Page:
You have a higher risk of having an accident while driving. Driving while high is dangerous and illegal. You could lose your licence or face a criminal conviction.

    While high you could be physically or sexually assaulted.

    If you inject drugs, you have a high risk of contracting blood-borne diseases like hepatitis B and C, and HIV and AIDS.


    Withdrawing from an opioid is usually extremely unpleasant. People addicted to opioids tend to use the drug to avoid the withdrawal symptoms rather than to get a high. It can be very hard to get control of an opioid addiction.

  • Stimulant drugs turn the brain on, giving the user a good feeling and intense energy.

    A person using stimulants may feel sexier, stronger, more courageous and more capable. They may need less food or sleep. They may be frenetically active for days on end, and do far more than they are normally capable of doing.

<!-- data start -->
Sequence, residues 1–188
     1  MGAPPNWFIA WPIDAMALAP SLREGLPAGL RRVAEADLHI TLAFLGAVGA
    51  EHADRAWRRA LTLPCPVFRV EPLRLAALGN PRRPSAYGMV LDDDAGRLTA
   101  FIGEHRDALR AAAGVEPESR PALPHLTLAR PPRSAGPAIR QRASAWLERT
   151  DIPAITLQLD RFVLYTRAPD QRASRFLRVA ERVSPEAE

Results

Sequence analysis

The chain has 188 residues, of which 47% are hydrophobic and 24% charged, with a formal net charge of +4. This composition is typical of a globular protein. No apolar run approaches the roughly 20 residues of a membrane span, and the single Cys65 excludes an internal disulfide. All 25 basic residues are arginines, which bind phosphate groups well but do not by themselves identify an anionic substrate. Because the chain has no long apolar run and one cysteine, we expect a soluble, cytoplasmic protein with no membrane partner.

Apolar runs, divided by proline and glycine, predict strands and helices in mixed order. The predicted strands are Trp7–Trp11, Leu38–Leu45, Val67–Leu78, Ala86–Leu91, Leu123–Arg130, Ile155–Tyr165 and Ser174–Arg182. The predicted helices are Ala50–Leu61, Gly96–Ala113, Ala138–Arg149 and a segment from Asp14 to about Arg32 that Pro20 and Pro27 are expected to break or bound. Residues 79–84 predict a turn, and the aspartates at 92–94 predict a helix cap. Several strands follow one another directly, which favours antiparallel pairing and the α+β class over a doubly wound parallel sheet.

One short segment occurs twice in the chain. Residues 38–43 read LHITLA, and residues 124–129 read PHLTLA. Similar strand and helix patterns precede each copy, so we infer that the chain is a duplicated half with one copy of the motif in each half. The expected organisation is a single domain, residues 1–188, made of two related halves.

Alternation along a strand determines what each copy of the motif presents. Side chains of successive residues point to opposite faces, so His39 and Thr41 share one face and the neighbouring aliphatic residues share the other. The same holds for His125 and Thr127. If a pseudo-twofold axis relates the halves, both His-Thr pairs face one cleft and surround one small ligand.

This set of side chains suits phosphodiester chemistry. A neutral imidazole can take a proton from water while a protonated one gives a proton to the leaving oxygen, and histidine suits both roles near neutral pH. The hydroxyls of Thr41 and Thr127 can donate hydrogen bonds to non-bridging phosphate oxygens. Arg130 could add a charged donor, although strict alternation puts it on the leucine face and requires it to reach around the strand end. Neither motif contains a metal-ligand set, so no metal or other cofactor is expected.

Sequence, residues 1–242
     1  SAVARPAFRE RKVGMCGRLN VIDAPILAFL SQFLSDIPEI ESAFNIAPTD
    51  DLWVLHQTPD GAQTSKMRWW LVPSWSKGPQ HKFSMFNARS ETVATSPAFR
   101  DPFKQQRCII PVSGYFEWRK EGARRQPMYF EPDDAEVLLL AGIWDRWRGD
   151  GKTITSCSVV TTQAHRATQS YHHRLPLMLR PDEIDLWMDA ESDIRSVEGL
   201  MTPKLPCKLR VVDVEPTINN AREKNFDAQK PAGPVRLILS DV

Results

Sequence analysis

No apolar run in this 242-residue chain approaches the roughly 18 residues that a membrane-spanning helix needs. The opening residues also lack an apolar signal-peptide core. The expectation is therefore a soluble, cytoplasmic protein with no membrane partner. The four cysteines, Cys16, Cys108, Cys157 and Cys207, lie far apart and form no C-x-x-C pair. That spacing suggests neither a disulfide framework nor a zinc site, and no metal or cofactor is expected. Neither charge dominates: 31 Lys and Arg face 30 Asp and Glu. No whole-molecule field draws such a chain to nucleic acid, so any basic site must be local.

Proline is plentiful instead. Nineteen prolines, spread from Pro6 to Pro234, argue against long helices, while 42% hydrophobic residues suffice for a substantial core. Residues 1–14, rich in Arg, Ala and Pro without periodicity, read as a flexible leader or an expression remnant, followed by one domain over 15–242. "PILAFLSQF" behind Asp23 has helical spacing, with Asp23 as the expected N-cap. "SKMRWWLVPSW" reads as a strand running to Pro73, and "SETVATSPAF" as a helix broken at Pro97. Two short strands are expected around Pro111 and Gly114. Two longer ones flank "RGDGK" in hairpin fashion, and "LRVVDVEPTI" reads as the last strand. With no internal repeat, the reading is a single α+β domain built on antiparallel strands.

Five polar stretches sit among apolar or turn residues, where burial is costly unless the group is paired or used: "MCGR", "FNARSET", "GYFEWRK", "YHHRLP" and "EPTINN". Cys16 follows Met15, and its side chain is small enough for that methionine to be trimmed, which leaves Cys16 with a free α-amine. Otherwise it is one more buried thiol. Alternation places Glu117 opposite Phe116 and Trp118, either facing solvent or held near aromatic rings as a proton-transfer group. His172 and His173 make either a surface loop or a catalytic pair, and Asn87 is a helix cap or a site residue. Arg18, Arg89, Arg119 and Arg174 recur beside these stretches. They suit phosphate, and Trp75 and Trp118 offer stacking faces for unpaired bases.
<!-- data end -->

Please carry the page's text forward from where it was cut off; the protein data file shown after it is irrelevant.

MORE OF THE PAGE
When a drug experience goes bad, a person using stimulants may collapse in exhaustion. They may also become aggressive, agitated or even psychotic.

    Driving while high is dangerous and illegal. If the police pull you over while driving and you are high on a stimulant, you may lose your licence or face a criminal conviction.

    It is easy to take too much of a stimulant, and overdoses are common. Overdoses can result in heart pain or palpitations, seizures, psychosis or death. If you think you or someone else may have overdosed, call an ambulance on 111.

    Types of stimulants

    Common stimulants are those based on amphetamines like methamphetamine (ice, crystal meth, P). These are very different from the prescribed amphetamine Ritalin, which healthcare providers use to treat ADHD.

    Other stimulants that people can abuse are cocaine and ecstasy (MDMA). These work differently from amphetamines.